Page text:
December 22, 2006
Material Standards for small buildings

The quality and types of material used in the construction of buildings is an important aspects of the building code.

For large commercial buildings, engineers and architects pay careful attention to the quality and type of material. These design professionals sign off on the plans and can be held liable for future failure.

However in smaller buildings such as homes, few people can afford the services of an engineer and architect and this is where the guidelines to the building code help home owners.{{more}}

The guidelines are user-friendly, written in easy-to-understand language and filled with drawings and illustrations which provide direction for concrete, timber and steel frame structures. The guidelines provide for the design and construction of new residential or retail buildings containing not more than 2500 square feet of gross floor area and two storeys high.


The guidelines provide information on what quality concrete should be used as well as steel reinforcements. The tables in the guidelines show the diameter of the steel, how and where it should be placed to reinforce the concrete, and how the concrete should be mixed and the time required for curing. The approximate proportions normally required to provide a mix of adequate strength are 1 bag of cement (94 lbs.), 2 cubic foot of sand, 4 cubic foot of stone and about 5 gallons of water.

There are details for roof construction, styles, and pitches as well as how to construct the foundation, columns, beams and the limits of the weight that should be placed on these.

When applying for planning permission after the code comes into effect in 2007, detailed drawings must be filed with the Physical Planning Unit. The structural detail drawings in the guidelines are useful in this regard as there are a variety of styles from which to choose.


Wooden homes, as with concrete homes, can be constructed to withstand hurricane and seismic activity – two of the hazards to which St Vincent and the Grenadines is susceptible.

The guidelines provide illustrations on how to properly brace wooden buildings, secure foundations, and reinforce the roof to withstand hurricane force winds and earthquakes.


The guidelines provide for the use of “cold form steel” which is something similar to a frame used in timber construction. Instructions are provided to show how to securely attach walls, roofs, and foundations to withstand the natural hazards to which St Vincent and the Grenadines is susceptible. However, cold form steel is not widely used here.


The materials to be used in either concrete, timber or steel frame buildings are specified in the code. Once it comes into effect, efforts will be made to ensure these materials are available from all retail outlets. The St Vincent and the Grenadines Bureau of Standards is charged with the responsibility of enforcing that aspect of the code and guidelines to ensure that no sub-standard materials are imported and sold. The regulations are not intended to prevent the use of construction, materials or methods of designs as alternates since such alternates may be offered for approval. New types of construction, materials or design must be at least equal to the standards of the code.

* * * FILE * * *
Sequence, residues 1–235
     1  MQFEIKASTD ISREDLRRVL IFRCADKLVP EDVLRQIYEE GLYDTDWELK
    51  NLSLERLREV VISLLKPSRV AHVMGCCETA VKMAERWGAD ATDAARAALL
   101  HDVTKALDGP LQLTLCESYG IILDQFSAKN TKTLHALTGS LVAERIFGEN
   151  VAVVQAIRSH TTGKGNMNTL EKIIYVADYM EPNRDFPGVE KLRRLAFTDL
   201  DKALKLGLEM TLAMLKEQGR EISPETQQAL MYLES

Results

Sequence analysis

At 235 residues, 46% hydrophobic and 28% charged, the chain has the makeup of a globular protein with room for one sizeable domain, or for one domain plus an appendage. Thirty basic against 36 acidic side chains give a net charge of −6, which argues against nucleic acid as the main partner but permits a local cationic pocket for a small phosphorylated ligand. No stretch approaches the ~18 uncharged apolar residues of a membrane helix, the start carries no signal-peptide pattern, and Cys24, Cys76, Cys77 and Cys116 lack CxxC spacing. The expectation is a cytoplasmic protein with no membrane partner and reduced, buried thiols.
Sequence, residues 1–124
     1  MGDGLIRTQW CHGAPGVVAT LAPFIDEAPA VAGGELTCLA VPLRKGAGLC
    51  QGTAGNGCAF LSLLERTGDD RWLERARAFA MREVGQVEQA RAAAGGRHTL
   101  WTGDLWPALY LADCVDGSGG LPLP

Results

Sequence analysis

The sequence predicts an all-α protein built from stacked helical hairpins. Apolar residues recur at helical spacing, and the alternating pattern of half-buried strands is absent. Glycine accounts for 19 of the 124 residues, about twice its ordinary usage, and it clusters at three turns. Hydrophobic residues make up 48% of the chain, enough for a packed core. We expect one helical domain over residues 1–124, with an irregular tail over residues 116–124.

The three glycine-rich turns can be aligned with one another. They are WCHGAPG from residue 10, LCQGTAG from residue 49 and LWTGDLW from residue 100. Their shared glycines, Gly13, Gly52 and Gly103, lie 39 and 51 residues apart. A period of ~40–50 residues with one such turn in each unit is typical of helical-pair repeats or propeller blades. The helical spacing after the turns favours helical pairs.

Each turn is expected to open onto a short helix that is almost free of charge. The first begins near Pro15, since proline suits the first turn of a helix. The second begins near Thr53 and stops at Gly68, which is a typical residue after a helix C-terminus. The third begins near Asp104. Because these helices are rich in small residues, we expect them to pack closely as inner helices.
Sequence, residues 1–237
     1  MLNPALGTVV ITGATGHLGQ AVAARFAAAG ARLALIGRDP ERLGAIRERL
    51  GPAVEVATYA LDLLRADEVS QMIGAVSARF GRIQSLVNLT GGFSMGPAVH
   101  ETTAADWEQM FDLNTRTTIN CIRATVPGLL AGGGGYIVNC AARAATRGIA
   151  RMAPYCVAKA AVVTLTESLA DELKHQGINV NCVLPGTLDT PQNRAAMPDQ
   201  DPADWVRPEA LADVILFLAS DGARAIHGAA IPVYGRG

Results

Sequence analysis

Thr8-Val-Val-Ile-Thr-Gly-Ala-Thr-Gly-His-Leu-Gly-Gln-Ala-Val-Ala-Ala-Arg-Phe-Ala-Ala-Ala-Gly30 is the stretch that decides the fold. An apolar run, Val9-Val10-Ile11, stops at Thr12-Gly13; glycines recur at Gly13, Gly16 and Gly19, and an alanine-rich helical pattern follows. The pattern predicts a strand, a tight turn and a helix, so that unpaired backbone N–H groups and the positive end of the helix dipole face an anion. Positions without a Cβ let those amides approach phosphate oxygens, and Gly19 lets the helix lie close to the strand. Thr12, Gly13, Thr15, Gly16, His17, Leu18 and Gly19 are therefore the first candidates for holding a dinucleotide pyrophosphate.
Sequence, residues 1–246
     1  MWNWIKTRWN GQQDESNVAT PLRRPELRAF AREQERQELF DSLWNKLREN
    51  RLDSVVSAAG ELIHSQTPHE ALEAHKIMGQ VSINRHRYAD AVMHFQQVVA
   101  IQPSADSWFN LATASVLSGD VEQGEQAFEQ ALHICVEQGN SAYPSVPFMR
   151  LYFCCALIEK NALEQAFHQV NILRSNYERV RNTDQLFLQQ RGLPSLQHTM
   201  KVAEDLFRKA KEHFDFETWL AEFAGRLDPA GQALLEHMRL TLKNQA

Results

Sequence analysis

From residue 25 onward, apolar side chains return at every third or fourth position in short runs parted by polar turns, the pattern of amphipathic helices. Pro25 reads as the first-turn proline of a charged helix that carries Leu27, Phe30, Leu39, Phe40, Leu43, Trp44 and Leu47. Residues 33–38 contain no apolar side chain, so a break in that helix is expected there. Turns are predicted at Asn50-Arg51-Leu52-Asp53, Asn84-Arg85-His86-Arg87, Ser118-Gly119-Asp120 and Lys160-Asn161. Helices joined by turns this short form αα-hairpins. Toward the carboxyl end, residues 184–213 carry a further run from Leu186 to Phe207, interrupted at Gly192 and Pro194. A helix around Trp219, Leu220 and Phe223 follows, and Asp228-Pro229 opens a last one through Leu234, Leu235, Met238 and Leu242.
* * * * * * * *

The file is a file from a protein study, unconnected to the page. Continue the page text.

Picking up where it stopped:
Owners, developers and applicants should be aware of and consult the following legislation and other revelant legislation in force: Consumer Protection (Bureau of Standards) Act No. 70 of 1992.


Excavation for the foundation of the home is an important aspect of building construction, as if done properly ensures the strength and durability of the structure.

The guidelines provide clear instruction on what measures must be taken during excavation particularly when dealing with certain types of soils. When constructing on clay, it is recommended that professional advice must be sought before planning the foundation.

Compaction may be necessary to increase the bearing strength of soil or to support ground floor on fill. Fill under floor is sometimes preferred on slightly sloping areas. Where fills greater than 3ft are required, the floor should be constructed as a suspended reinforced slab. This will prevent ultimate collapse of the floor.


The guidelines also show where to place openings in the wall, such as windows and doors and describe the pitfalls of placing them in the wrong locations, such as close to a corner. This could significantly weaken the structure and make it fair game for a hurricane or earthquake.

Plumbing, electrical, and waste water disposal facilities are also covered by the guidelines.